FOREIGNER IN SLOVAKIA

Blog: Six reasons Sagan is a champion

I tend to be rather skeptical of professional athletes, considering them overpaid and over valued. But here are some reasons that Sagan seems like a genuinely good guy.

Sagan is often seen joking around.Sagan is often seen joking around. (Source: TASR/AP)

Peter Sagan, this year’s World Champion in road racing, has inspired a love of cycling in many Slovaks. Slovakia is a small country and often feels like it has little clout in the events of the world, politically or otherwise. So when someone does well on the worldwide stage, all of Slovakia feels like it has won as well.

On the day of the championship, which ended at night here in Slovakia, one family I know watched the whole race, including the grade oner who had school the next day. Another family woke up the kids to watch the end of the race.

I tend to be rather skeptical of professional athletes, considering them overpaid and over valued. But here are six reasons that Sagan seems like a genuinely good guy.

6. He started off in mountain biking

This is a purely subjective reason, because I like mountain biking. His superior bike handling skills are, however, probably due to his experience mountain biking. He won the 2008 Junior World Championships in mountain biking as well as getting second in a few cyclocross competitions. So then he can do tricks like this:

5. He’s spontaneous and takes risks

Sagan doesn’t play the conventional card. He takes a race an etage at a time and gives it his all, even if that means going all out on a long race when the other sprinters are taking it easy. Sometimes that means racing downhill at breakneck speeds. Sometimes that spontaneity comes out by giving his girlfriend a kiss while racing, throwing his helmet to the crowd, or (due to reason 6) doing a bunny hop mid race.

4. He made a mistake in public

A couple years ago his joking on the podium went too far and he pinched one of the podium girl’s derriere. The media, of course, had a hayday. While the action wasn’t good, I think the consequence was. Seeing his more mature behaviour this year, that incident may have been an occasion that he grew from, learning humility instead of arrogance.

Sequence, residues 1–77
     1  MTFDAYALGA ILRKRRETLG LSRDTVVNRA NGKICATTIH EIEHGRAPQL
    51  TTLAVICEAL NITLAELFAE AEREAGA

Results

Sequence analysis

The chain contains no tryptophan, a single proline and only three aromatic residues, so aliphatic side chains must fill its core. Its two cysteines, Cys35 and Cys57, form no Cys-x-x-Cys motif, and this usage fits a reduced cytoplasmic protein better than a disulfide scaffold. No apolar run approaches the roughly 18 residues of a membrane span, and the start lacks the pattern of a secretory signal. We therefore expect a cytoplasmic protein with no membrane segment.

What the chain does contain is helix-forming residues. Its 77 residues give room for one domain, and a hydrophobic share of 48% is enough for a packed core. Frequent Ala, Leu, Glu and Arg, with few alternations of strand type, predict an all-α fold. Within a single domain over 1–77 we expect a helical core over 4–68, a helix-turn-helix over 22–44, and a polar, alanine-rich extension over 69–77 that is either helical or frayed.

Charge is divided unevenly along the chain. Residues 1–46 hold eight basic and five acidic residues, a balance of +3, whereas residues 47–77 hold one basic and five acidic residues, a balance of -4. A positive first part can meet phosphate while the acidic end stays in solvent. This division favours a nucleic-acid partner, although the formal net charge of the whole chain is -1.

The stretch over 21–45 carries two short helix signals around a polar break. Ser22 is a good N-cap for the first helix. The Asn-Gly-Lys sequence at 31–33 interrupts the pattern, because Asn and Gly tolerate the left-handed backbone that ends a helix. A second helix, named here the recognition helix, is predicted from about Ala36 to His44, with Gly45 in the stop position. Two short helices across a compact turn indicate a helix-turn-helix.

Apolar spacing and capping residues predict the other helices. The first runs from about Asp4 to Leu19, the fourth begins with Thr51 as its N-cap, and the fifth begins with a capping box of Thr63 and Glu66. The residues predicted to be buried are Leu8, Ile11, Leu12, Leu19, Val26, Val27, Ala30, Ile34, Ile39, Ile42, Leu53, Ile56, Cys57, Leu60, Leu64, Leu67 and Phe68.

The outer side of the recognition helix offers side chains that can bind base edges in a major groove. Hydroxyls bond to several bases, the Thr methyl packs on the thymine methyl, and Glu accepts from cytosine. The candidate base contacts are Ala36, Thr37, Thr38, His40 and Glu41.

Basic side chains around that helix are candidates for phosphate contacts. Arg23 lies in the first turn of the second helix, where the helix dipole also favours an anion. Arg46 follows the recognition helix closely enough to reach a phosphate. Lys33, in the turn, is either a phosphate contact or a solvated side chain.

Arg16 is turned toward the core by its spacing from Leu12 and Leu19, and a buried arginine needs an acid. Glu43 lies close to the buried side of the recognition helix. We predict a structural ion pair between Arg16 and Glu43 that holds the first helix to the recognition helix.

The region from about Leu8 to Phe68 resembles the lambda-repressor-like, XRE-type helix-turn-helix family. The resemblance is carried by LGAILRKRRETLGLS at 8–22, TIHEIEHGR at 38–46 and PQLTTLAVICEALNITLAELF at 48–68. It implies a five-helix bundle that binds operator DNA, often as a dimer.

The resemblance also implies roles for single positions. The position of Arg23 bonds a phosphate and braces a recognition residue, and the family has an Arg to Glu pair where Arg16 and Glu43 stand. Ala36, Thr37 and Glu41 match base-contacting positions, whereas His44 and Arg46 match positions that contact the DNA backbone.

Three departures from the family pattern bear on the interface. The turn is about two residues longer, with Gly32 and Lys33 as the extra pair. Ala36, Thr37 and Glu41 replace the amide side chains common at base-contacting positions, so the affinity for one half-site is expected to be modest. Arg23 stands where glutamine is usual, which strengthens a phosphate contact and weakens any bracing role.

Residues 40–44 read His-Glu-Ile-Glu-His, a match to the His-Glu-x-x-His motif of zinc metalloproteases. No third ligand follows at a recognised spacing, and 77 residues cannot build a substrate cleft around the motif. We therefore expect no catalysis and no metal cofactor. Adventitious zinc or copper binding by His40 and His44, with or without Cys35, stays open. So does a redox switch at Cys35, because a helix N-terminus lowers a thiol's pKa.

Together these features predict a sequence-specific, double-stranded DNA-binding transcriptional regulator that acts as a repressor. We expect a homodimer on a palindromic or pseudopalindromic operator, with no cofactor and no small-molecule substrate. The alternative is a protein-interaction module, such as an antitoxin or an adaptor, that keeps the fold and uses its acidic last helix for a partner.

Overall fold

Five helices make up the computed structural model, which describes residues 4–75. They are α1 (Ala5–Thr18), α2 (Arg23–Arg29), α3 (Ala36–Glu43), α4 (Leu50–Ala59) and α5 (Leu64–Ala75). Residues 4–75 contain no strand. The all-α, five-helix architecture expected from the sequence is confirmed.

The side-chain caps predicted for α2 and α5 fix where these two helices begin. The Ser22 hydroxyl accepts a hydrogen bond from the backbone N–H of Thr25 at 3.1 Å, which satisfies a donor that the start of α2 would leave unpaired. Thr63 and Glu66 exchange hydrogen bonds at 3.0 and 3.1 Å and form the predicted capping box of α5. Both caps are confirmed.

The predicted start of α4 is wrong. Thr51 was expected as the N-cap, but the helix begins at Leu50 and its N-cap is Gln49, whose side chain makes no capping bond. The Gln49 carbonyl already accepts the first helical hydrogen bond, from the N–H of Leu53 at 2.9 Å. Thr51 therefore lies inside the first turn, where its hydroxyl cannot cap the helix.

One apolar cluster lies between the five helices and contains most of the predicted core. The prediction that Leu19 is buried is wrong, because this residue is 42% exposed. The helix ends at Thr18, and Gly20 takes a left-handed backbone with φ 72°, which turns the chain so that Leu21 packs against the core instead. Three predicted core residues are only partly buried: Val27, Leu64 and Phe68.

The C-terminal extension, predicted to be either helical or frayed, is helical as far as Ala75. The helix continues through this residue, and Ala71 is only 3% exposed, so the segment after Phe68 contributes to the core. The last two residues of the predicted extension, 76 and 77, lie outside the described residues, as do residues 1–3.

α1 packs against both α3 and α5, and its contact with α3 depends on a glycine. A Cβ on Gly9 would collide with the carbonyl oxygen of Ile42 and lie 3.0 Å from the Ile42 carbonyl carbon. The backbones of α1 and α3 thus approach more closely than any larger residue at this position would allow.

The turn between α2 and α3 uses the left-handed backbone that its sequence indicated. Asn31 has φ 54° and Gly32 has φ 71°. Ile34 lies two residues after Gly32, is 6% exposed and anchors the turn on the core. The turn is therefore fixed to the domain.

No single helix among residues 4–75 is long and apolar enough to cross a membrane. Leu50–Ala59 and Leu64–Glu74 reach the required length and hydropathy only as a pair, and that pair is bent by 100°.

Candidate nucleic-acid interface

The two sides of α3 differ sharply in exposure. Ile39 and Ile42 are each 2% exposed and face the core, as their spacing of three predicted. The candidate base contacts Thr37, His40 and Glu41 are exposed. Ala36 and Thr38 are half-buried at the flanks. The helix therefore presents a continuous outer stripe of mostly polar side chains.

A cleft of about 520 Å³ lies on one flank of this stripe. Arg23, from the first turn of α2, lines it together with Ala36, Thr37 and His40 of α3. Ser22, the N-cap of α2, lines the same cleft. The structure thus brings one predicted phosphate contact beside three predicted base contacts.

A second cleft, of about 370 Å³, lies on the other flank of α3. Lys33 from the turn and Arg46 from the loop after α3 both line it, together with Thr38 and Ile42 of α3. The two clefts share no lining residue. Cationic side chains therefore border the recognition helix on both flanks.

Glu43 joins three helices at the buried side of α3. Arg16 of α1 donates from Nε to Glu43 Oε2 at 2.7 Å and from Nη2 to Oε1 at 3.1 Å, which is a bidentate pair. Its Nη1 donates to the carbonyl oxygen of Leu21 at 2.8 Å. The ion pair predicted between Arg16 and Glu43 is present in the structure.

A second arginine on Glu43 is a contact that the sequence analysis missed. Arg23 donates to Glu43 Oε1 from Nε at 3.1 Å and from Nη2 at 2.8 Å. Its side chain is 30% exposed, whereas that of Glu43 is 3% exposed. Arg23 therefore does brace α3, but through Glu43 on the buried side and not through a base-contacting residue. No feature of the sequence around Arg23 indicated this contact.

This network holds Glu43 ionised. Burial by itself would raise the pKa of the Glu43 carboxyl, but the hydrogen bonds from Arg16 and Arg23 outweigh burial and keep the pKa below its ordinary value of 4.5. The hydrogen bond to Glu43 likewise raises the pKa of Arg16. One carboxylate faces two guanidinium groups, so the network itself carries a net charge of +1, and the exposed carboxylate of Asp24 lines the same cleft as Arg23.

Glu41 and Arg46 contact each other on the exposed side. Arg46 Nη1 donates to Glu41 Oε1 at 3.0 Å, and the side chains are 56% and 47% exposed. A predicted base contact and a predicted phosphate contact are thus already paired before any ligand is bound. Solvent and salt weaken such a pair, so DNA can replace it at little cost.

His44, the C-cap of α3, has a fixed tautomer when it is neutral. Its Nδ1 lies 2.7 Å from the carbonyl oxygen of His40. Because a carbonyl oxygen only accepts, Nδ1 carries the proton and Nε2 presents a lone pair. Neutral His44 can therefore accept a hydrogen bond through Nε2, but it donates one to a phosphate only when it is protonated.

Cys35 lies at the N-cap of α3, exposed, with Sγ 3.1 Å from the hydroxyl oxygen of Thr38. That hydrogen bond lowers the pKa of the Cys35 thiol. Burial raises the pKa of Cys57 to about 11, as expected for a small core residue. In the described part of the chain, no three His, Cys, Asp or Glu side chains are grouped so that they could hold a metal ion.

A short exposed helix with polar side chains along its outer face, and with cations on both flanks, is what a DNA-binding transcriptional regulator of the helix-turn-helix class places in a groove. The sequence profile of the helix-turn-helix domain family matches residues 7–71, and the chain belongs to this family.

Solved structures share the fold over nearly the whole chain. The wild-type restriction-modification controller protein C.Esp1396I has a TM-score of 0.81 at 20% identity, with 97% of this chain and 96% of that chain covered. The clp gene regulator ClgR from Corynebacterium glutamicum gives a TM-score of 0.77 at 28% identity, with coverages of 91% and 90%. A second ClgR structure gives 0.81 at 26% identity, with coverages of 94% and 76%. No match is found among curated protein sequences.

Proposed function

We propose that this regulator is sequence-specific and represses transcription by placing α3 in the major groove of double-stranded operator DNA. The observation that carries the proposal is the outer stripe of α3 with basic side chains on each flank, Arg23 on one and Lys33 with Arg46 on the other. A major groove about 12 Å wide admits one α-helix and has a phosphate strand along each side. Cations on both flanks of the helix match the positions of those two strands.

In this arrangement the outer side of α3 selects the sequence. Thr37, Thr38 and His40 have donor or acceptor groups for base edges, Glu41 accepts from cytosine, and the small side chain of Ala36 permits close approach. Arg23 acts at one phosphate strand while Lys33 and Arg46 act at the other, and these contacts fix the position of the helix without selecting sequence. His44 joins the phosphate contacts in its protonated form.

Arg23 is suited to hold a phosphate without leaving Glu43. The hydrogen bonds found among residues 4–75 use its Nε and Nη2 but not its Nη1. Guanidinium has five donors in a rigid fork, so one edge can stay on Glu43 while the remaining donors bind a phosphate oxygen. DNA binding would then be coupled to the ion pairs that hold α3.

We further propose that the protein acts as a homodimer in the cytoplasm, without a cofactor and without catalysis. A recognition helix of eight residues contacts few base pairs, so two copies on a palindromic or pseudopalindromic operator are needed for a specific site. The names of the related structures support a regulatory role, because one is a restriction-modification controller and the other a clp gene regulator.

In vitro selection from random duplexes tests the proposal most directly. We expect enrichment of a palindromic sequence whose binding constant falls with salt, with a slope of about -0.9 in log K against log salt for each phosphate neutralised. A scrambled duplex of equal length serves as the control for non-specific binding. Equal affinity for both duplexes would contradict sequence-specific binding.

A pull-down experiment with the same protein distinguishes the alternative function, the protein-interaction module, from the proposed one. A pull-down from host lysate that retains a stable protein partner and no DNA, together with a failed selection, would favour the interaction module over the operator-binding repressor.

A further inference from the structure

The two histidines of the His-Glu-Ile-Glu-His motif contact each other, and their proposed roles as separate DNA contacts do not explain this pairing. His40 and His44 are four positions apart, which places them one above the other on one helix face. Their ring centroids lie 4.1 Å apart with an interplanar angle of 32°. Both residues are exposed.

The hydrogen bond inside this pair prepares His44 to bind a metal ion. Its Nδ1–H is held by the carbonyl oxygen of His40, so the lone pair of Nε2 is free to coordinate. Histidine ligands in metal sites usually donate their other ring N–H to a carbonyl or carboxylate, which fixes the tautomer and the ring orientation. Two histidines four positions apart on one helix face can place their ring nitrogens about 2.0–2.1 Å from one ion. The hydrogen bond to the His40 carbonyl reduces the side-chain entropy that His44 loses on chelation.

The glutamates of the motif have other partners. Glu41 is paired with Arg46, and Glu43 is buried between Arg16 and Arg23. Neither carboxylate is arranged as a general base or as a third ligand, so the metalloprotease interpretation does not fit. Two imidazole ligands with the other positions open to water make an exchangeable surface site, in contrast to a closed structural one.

3. He speaks broken English in public

As native English speakers, we don’t really think much about the effort people of other countries make to speak English. Only once we start to learn another language do we realize how hard it can be. To speak a language you aren’t fluent in on live TV takes courage because you can’t express yourself as you would like.

2. He’s fun

Sagan is often seen joking around and having fun, from pulling wheelies to making jokes during an interview to photobombing another rider’s interview to spraying imaginary champagne with his trophy. It’s nice to smile.

1. And yet he’s not shallow

At the World Championship, he stayed around the finish line giving the incoming riders high fives and on the podium he purposely talked about the refugee situation in Europe. Afterwards in press conferences in Slovakia he spoke a number of times of how young people especially are so involved with the virtual world on their phones that they ignore and miss out on the personal experience of those around them. I hope that those who are excited by his prowess on the race course are equally inspired to think deeply about these issues.

Naomi blogs about the culture, food, and life in Slovakia atAlmost Bananas

 

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